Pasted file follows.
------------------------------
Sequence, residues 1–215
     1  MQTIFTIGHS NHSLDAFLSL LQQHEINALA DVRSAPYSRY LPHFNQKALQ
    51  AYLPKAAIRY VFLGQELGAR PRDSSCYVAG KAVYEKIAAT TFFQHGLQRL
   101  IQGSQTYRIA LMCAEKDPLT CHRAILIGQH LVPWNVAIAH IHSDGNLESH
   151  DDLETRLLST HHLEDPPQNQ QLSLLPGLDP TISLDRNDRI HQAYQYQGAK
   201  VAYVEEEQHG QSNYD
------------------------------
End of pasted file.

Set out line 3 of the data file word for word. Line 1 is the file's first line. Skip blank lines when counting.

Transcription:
    51  AYLPKAAIRY VFLGQELGAR PRDSSCYVAG KAVYEKIAAT TFFQHGLQRL